- Physician Teams
Spartan races aren’t for the faint of heart. In addition to running a 12-mile course, participants also face obstacles like spear throws and a rope climb. While most people would shy away from an extreme race like that, East Stroudsburg Middle School gym teacher Jennifer Simpson embraces the challenge.
“I’ve always played hard. I grew up with older brothers playing in the woods and when I saw the Spartan race with the obstacles I thought, I have to try this,” says Simpson.
Though always active, Simpson set her sights on doing Spartan races after suffering from a torn ACL four years ago. Orthopedic Surgeon Dan Terpstra, D.O performed her surgery and she says her recovery went so well that she achieved her goal of doing Spartan races. However, last year she ended up back in the care of Dr. Terpstra after an injury during one of the races.
“I wanted to complete a trifecta, which is nine races in the Spartan series. You do three different levels three times each. On my last race I was completing an obstacle and landed wrong. I knew I was hurt, but wanted to finish so I kept going and got my medal,” she says.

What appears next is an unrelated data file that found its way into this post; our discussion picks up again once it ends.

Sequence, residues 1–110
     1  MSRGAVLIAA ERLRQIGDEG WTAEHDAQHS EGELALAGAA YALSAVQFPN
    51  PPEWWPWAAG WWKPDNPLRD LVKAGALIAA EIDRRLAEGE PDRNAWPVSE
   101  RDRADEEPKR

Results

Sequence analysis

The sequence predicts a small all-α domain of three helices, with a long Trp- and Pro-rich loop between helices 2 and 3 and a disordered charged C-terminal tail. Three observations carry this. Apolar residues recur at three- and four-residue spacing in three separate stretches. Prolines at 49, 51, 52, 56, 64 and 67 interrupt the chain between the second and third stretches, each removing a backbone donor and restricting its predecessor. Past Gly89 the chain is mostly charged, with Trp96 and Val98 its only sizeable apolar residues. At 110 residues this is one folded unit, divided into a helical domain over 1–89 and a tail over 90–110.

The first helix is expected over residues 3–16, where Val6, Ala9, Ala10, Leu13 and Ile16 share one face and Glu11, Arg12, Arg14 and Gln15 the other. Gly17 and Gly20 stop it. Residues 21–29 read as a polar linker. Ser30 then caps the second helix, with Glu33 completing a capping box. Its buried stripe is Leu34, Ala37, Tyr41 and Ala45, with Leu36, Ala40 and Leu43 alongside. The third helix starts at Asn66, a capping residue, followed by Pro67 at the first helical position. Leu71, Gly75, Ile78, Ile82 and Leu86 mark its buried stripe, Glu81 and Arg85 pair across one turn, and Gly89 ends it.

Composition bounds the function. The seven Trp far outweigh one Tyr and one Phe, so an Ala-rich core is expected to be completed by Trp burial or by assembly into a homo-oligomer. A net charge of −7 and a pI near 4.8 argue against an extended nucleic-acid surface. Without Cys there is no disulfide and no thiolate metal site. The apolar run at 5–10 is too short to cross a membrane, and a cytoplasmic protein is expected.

That particular race was in South Carolina and after returning home, the first thing she did was call Dr. Terpstra. After an exam and imaging studies, Dr. Terpstra told Simpson that she had a bucket handle meniscus tear, an injury seen most often in football players and that she would once again need surgery.
A bucket handle tear is a larger tear of the meniscus that has the ability to flip into the knee joint and lock the knee. The tear has the ability to cause a catching sensation in the knee. The treatment for this type of tear is arthroscopic surgery to either repair or remove the torn fragment of meniscus in order to prevent further damage to the knee.
Simpson is now over two months post surgery and says her recovery is going well. “I think the key has been just listening to the doctor and physical therapist. If you do everything they ask, you will be in good shape,” says Simpson. Simpson hopes that she is back and running soon and even has her sights set on more Spartan and cycling races. “I’m still going to continue to play hard and Dr. Terpstra assured me that my ACL is stronger than what I was born with. Life is meant to be lived,” says Simpson.